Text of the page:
But even if there’s a few (unsubstantiated) questions about Fletcher, there’s no doubt that Gore does the heavy lifting as musical director – swapping guitars, backing up on synths and sharing vocals, all besides the fact he’s written most of their songs, and every one of the belters. I feel like a right begrudger saying the show loses some fizz when Gore takes the lead for his traditional solo stripped-down interludes – but A Question of Lust and Strangelove reimagined as piano ballads hits the spot for the thousands of disciples singing and swaying along, so who’s in the wrong here?

I take the debate to Facebook the next day and it causes a bit of a schism, with one responder taking it a bit too far, saying Gore was wailing like an X Factor reject, to aghast “WTAF” keyboard bashing. One mate maybe sums it up better than me: “No wonder Martin is so mad into S&M imagery. He’s imagining bateing all hell out of the Depeche Mode fans who love his songs but don’t want to hear him singing them. His bits are the big, wide-eyed (if utterly pervy) heart of the band to complement Dave’s libidinous rock godness.”

Not exactly case closed, but I felt like I’d gone to a Stones gig and chucked eggs at Keith Richards.

Screen Shot 2017-11-22 at 13.58.16.png

There’s no crowd moaning or mass exodus for new tracks – Where’s the Revolution? Is a fist-up live anthem and Cover Me takes on a whole new transcendence with the back projection of Gahan as an astronaut wandering through empty streets lost, helmet in hand. Still, Everything Counts is the fuse for the first genuine arena-wide freakout – one of those classic 80s pop songs with a synth lead that trumps the chorus, and it’s battered into shape with an industrial EBM breakdown. The delirium carries all through the second half, as Depeche Mode deal out some of the most untouchable anthems of the last 30 years. Enjoy the Silence has their biggest arms aloft “all I ever wanted” chorus, but it’s also been shape-shifted with an acid house middle section, and some of Gahan’s most lecherous hip-thrusts of the night.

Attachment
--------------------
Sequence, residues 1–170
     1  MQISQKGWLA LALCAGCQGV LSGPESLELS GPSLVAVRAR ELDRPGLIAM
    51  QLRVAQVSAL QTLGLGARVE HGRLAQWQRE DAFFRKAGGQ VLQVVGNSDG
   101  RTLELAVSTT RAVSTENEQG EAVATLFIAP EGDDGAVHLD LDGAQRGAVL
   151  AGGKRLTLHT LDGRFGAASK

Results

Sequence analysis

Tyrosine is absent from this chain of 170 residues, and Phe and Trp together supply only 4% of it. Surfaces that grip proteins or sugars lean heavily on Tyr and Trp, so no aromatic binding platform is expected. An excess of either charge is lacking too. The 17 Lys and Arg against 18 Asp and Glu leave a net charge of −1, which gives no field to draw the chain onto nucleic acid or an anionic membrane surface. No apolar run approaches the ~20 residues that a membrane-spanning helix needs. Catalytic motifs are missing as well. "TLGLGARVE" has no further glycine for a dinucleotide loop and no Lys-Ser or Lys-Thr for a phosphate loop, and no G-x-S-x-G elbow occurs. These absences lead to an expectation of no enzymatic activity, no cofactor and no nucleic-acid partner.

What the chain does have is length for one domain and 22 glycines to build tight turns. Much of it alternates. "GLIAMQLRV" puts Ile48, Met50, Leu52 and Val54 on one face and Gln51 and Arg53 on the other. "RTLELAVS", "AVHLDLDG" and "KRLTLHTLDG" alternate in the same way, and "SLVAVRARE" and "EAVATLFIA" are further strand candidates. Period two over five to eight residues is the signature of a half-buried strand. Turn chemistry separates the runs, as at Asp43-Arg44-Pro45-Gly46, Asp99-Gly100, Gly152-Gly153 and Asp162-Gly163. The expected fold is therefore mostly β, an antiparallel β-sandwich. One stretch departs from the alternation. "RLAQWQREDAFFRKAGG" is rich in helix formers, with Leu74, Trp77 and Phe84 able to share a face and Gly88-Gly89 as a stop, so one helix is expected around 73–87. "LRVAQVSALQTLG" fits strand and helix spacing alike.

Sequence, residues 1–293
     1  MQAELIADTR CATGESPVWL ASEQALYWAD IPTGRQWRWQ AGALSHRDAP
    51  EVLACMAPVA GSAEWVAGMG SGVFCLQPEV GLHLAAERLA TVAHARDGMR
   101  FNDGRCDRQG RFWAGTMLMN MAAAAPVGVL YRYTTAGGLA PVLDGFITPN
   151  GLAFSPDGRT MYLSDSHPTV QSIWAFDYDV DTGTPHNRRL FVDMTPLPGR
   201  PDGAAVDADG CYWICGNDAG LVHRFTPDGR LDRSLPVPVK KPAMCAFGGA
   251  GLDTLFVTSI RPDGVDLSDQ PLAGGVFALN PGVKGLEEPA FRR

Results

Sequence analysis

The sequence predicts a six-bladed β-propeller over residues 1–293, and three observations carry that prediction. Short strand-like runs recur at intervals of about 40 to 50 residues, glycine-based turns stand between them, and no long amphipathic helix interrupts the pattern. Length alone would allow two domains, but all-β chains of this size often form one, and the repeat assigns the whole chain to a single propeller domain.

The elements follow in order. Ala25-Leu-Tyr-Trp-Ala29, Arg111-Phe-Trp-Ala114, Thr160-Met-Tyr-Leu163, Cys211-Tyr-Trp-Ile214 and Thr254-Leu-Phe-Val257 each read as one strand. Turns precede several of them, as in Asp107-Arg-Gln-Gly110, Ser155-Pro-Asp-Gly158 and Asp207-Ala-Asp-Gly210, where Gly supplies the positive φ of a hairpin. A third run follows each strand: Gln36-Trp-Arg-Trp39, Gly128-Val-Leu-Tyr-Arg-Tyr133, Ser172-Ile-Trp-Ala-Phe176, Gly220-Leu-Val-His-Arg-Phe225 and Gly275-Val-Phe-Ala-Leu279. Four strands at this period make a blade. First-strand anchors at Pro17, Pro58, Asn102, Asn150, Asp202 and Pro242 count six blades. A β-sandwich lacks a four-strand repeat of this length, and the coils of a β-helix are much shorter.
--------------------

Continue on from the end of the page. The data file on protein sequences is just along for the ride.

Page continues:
The prophetically-titled Music For the Masses album in 1987 was Depeche Mode’s one-way ticket to US stadium domination, and lead single Never Let Me Down Again has over the years become Gahan’s live cue for full-on messianic moves as the set closes. He’s on the extended walkway among the crowd, leading thousands in a synchronised arm swing as the synth fanfare hits absurdly grandiose levels.

Never Let Me Down could’ve easily brought the curtain down with no complaints, but they’re back to tie up a few loose ends. After the aforementioned Strangelove, we get some surprises: Policy of Truth ensures 1990’s Violator is the LP most represented on the night, and A Question of Time chugs along like a proto-industrial metal cut with beefed-up guitars and the closest thing we get to a moshpit. It fades into the heavy-breathing samples and filthy bass pulse of Personal Jesus – one of the most deceptively heavy songs of the 90s, and the one song Marilyn Manson wishes was his own.

They’d been closing with David Bowie’s “Heroes” for months, but it seems they’ve dropped it for this third leg. As they line up and bow in a hail of feedback and Dave gives one last skip offstage, you know he’ll be king round these parts for a while yet.